I stray from the topic. My neighbor and her colitis, and the serendipitous weight loss. We don't have it within our power to control our destiny, but we can control how we think about it, our attitude toward death, our attitude toward sickness, our attitude toward health. Bad things happen to good people. There's no reason for it. Let's not try to pretend we know the reason why the universe proceeds as it does, perhaps as it should, and we are not gods to know why or to figure out all the answers. Faith is not an answer but faith in a universe where entropy reigns may be a better faith, a faith that we cannot kill Nature, Mother Earth will bring an equilibrium back to all we have done to harm her, and we may be arrogantly assuming that what we have done is more than it is, or more irreparable than it is. If humanity vanished from earth tomorrow the earth would remain, perhaps a paradise, perhaps to be extinguished in millions of years. I don't think our imprint is quite as important as we like to think it is.

Interviews with Steve Jobs are interesting. He doesn't eulogize technology as one would think he would. I've noticed people are like lemmings, get in the herd or on the bandwagon, to mix metaphors, and don't think out of the box, perhaps because of a lack of experiences in life.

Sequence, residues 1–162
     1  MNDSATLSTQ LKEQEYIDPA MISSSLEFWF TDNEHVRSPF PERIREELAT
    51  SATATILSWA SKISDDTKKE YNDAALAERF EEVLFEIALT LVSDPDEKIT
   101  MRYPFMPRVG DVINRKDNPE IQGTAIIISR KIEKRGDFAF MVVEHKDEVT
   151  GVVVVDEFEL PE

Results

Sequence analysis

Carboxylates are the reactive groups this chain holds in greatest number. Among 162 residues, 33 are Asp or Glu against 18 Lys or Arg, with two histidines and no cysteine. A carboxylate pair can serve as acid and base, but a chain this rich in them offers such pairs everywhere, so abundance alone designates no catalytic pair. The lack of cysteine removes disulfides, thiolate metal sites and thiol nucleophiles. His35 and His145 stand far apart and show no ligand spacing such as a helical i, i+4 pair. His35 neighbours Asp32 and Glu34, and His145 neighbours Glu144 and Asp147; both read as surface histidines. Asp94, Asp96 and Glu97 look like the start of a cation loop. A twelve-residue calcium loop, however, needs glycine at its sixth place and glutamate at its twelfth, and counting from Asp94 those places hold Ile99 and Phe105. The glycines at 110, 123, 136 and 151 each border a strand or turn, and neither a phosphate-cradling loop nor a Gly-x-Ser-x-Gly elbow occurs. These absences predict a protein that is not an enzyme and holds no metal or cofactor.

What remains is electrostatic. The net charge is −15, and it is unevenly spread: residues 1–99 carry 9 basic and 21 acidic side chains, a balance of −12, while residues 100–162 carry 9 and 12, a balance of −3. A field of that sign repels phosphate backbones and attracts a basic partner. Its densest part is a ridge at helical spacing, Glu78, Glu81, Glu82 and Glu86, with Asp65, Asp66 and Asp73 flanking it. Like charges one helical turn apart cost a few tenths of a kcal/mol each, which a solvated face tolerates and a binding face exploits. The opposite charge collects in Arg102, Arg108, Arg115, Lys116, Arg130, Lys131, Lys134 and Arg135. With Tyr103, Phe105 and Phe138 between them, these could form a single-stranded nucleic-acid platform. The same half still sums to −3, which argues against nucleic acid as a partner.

Which brings me back to my own gratitude that I've had the experiences I have. In jail? I can write about it. Locked up in a psych hospital for six months? I can write about it. Been abused? I can write about it. I'm a writer and I love it. I love to learn. Got a university degree? I did, with two small children, a house and yard to look after, a part-time job the last year, and as a single parent whose husband had died a couple of years previously. Experience with religion and churches and their members? Ask me. Poor? Ask me. Richer? Ask me. Sick? Ask me. Dysfunctional family, dysfunctional friends, abuse? I've been there. Good health? I have it. Lost weight? I did. Quit smoking and drinking? I did. Hurt people? I did. Sex? Let's not go there. Gay? I understand. Promiscuous? I've been there. Celibate? I've been for 14 years. Alcoholic? I was. Outcast from society? That was me. Successful businesswoman? Yes, I am. Published writer? I am. Good friends? Yes, I have good friends. Creative? Sure, I do caricatures, write poetry, make my own cards. Martial Arts? I've done it at a white belt level (beginner), Buddhism and other faiths? I've studied some, talked to adherents, attended a few meetings. Catholic? I might be entering RCIA this fall. Miscarriages? I've had two, one at five months after a motor vehicle accident. Baby out of wedlock? I was 17, couldn't go home again. Adoptive child found me 38 years later? Yes. Had children? Yes, three, two I raised with the help of relatives for a couple of years when I was very ill. Married? Twice. Husband died? yes. Divorced? yes. Lived in the US for a few years? yes. Born in Eastern Canada? yes. Lived in five different cities throughout my life? Yes. Lived on a small farm? yes, for 12 years. Lived in cities? Most of my life. A Canadian? Yes, lived here all my life except for three years when my husband and I worked in Oklahoma in the mid-1960s. A proud Canadian, glad to live in this country. Traveled? Eastern Canada, West coast, Eastern USA, Oklahoma, Texas, married the first time in Montana (eloped), Mexico City where I cooked Christmas dinner for my daughter and 40 of her friends. Went hunting and fishing? Yes, hunted a bit as a child to put food on the table, and as a new bride went fishing. Sexual abuse as a child? Yes. Operated farm machinery when I was 11 years old? yes. Made my own bread for a family when I was 14? Yes, and looked after the house, garden and livestock for a summer. Husband, parents died? Yes. And more.